How Long Does a Divorce Take in Connecticut?
Many people ask us how long does a divorce take in Connecticut?. Read on to learn more about how long divorces tend to take — as well as some tips that tend to speed up the timeline.
How Long Do Divorces Take on Average?
In our experience at Freed Marcroft, typical divorce timelines range from about 4 to 18 months.
Is There a Statutory Waiting Period for Connecticut Divorces?
Up until recently, there was a 90-day statutory waiting period before you could get divorced in Connecticut. Now, though, if you and your spouse reach a full agreement on all issues in your divorce, you can move the court to waive the 90-day statutory waiting period requirement.
This is commonly used in mediation and collaborative divorce as well and some low-conflict litigations.
What Impacts the Divorce Timeline?
The complexity of the Issues
One major factor in the timeframe is the complexity of the issues – for example such as a when someone owns a business or has a complicated compensation structure, there is a concern that a spouse is hiding money, or disagreement around parenting and custody results in a professional evaluation.
Spouses’ Ability to Reach Agreements
Things normally go faster if both spouses are responsive, organized, and have the ability and desire to reach agreements rather than have a judge decide. More than anything, the level of cooperation or conflict that exists between the two people divorcing has the most significant impact. Generally speaking, the more agreements that can be reached out of court the better. You won’t just save time, you will also save money and emotional upheaval.
There is a saying that “divorce only goes as fast as the slowest person.” Plus, there can be an inherent delay with the court itself, so the more the spouses and lawyers can work out outside of court, the faster we get to the finish line. To that end — you want to make sure you select legal counsel who committed to moving you forward. They should ask you about whether the timeline is a priority of yours, be organized, and be skilled in negotiating outside of court.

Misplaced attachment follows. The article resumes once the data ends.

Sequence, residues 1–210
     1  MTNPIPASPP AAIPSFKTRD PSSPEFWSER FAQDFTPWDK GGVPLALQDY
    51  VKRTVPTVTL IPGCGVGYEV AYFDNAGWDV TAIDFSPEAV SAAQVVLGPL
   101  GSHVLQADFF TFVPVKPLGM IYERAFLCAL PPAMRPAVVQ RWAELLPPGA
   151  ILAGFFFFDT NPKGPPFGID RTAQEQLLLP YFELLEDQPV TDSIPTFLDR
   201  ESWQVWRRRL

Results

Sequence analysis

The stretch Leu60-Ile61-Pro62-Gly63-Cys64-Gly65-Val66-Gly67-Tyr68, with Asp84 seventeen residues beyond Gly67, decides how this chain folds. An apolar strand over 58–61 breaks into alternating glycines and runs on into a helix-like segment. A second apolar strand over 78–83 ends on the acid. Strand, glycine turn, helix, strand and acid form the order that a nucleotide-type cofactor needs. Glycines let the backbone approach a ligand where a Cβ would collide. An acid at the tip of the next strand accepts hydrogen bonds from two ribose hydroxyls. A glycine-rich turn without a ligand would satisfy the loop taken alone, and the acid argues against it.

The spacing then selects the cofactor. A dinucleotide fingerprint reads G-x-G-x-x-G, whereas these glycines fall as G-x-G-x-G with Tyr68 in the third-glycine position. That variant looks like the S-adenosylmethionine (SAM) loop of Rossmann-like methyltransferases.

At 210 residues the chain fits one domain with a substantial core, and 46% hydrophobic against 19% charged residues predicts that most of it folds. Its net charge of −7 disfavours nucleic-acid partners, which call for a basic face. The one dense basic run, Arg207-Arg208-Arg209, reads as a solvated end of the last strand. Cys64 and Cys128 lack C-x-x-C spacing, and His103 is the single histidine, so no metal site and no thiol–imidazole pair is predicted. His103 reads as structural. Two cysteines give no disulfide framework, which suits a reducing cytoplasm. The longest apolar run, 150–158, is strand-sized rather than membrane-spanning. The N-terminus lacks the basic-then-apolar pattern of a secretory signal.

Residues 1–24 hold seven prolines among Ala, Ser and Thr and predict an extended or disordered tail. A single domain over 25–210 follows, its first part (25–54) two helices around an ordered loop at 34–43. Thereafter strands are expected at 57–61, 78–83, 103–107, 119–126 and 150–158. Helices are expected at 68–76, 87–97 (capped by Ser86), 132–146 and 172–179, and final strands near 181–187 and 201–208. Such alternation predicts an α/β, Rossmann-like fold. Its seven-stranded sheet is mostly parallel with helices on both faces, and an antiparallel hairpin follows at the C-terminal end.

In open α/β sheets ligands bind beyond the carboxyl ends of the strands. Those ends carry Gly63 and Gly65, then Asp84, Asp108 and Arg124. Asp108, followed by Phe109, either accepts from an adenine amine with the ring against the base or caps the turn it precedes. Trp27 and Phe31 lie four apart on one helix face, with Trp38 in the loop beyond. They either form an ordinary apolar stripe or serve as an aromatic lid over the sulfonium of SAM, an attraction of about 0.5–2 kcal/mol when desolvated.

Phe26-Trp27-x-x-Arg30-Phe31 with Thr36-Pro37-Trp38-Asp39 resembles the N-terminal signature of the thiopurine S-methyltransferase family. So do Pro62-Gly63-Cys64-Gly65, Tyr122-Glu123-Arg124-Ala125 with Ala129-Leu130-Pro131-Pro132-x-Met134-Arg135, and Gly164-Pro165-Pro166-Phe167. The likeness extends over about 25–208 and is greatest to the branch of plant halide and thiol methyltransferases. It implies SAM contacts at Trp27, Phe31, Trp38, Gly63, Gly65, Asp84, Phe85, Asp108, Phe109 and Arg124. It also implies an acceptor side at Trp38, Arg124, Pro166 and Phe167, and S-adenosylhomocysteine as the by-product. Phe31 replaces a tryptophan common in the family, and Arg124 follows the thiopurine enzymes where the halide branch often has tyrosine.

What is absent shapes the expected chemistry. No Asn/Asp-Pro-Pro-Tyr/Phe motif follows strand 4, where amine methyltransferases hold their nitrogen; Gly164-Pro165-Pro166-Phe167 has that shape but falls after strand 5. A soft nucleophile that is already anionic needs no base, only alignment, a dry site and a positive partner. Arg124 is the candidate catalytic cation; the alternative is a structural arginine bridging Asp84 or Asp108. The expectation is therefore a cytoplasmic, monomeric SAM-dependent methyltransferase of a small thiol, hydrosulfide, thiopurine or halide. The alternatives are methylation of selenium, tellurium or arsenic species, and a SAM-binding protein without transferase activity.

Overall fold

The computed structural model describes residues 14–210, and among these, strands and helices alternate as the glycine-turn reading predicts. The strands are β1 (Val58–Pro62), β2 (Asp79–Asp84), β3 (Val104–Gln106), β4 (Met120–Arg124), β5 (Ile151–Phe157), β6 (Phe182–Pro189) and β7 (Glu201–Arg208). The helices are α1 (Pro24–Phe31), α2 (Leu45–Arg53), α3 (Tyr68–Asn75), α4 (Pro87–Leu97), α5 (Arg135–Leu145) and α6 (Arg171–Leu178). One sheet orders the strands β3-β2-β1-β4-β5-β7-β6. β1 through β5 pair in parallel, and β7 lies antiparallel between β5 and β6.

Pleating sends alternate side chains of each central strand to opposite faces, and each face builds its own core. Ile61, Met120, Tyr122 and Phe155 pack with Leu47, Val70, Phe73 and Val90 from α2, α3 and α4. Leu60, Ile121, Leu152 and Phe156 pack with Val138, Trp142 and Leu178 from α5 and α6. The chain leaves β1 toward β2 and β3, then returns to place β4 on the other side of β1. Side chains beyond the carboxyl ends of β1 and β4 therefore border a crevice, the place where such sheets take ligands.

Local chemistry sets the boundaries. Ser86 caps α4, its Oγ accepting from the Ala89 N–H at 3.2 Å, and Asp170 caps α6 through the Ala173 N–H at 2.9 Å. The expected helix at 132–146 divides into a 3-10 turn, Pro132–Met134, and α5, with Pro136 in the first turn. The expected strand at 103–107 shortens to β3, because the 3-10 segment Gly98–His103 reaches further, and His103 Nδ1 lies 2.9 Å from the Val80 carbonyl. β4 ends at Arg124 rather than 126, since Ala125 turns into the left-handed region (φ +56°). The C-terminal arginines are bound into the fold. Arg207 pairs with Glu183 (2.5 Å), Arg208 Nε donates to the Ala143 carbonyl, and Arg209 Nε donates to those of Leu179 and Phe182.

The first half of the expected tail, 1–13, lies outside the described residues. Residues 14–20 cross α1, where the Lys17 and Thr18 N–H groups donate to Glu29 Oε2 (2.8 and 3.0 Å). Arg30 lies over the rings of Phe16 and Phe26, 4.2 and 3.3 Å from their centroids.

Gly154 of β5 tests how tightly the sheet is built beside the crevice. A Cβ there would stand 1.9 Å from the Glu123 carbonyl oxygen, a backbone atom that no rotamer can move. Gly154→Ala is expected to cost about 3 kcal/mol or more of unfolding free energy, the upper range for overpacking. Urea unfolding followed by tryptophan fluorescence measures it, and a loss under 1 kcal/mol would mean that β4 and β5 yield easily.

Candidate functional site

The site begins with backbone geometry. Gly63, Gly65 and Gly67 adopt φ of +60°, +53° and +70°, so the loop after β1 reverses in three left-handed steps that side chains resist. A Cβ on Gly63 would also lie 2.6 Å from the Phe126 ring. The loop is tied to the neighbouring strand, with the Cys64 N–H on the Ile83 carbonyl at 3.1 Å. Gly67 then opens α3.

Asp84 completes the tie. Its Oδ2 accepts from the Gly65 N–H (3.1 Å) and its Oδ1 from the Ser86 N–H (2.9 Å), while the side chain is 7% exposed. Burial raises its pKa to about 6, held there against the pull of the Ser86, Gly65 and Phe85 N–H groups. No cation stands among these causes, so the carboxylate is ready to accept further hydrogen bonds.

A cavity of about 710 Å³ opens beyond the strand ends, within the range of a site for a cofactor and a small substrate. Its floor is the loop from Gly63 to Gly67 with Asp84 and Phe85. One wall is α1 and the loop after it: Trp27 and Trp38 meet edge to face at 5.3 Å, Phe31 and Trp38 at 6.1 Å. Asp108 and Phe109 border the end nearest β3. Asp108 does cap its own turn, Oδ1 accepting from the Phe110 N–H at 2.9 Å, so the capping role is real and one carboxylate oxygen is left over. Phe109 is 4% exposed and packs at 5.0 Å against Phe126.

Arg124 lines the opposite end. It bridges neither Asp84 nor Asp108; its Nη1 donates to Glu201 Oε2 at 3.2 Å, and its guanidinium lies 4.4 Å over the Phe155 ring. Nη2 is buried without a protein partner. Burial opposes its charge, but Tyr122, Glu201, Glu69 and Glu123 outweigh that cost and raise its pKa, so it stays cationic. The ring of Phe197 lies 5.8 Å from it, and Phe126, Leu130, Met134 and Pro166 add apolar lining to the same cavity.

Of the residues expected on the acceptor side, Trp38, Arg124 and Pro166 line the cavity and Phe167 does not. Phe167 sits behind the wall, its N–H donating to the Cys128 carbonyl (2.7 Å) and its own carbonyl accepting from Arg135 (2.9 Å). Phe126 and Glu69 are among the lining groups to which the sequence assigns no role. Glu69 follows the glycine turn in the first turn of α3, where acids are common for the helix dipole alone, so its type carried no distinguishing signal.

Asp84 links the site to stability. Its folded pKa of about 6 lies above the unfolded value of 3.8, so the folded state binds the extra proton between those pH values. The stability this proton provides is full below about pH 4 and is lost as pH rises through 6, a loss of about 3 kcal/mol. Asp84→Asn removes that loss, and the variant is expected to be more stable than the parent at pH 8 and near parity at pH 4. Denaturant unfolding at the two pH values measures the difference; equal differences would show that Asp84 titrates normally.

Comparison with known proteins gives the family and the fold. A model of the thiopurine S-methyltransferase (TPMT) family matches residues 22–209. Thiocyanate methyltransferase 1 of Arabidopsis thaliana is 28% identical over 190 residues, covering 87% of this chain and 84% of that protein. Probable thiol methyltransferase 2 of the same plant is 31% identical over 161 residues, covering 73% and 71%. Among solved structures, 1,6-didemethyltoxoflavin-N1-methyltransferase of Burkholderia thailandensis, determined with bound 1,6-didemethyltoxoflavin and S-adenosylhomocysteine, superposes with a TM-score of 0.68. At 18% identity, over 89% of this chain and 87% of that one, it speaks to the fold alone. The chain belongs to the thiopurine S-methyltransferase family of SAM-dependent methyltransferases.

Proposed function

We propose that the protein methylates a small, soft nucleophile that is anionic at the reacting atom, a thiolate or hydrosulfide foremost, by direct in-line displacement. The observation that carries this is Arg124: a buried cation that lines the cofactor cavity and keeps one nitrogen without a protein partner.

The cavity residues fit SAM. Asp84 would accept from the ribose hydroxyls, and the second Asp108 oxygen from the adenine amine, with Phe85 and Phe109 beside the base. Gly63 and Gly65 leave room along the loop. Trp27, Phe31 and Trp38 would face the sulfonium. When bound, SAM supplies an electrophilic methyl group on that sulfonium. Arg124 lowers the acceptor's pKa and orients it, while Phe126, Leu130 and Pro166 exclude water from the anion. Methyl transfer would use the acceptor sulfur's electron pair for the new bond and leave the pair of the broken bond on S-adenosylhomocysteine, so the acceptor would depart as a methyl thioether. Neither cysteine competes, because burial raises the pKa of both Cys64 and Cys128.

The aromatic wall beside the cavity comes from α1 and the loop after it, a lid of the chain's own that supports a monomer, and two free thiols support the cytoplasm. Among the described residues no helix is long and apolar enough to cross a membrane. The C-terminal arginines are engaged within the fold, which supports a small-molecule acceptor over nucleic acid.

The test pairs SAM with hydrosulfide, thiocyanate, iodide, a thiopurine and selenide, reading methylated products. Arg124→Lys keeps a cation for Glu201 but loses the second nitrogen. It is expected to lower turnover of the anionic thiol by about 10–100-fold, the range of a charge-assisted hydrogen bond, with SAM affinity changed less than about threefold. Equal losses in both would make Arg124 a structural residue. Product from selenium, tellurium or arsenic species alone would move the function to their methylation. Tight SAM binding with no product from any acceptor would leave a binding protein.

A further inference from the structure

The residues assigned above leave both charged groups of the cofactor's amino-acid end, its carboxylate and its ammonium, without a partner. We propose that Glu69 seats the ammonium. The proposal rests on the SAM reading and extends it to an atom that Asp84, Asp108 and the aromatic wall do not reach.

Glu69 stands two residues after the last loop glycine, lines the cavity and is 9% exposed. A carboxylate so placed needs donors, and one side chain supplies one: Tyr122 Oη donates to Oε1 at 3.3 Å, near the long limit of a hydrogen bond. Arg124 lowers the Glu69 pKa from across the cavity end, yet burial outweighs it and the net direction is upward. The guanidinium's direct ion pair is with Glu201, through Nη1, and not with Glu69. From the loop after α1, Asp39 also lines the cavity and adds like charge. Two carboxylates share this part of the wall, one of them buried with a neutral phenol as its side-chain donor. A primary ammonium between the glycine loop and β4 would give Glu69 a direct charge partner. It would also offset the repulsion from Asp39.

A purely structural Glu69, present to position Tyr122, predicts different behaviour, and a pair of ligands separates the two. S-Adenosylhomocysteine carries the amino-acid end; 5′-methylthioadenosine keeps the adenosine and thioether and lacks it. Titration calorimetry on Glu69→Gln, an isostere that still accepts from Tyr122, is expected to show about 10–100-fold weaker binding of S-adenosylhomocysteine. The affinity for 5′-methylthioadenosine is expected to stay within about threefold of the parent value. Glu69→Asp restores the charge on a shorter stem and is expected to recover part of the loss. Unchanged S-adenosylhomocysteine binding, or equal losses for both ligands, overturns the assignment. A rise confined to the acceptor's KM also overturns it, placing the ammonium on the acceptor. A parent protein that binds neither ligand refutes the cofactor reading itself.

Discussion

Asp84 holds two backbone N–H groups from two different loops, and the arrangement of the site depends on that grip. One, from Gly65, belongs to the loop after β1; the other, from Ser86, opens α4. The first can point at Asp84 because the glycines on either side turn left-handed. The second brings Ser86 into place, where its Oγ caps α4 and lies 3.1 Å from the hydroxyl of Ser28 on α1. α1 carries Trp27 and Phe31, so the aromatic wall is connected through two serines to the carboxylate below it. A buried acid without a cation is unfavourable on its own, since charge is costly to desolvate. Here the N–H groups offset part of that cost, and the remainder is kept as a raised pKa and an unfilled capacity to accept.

What You Can Do to Impact Your Divorce’s Timeline
As we discussed, focusing on reaching agreements and hiring divorce counsel focused on your goals can have a big impact.
Although you can’t control your spouse’s decisions, timeframe, or choice of lawyer, you do remain in charge of yourself. Even if your spouse is less motivated to finalize the divorce than you are and there is more delay than is ideal, there are things that we can do while the divorce is still pending to make the wait more comfortable for you. For example, it is possible to have alimony begin while a divorce is still pending. And, for some couples, not living under the same roof while your divorce is pending can provide you with some privacy and space.
Most critically, though, if you identify and stay focused on your goals, you will be well-positioned to save time, money, and stress.
We have designed our first step, the Goals & Planning Conference, to help you figure out your goals.
The reason identifying goals matters so much is if you don’t know what your goals are, and you don’t have a plan to get them, you will end up with whatever you end up with once your divorce is over. At the Goals & Planning Conference, together we will put in the time and effort to help you figure out what you truly want so that we can make a plan for how to get it. That doesn’t guarantee you will get it, but you will have a better chance. And, you will be set up down the line to stay focused on your big picture, high-level goals rather than on the day-to-day.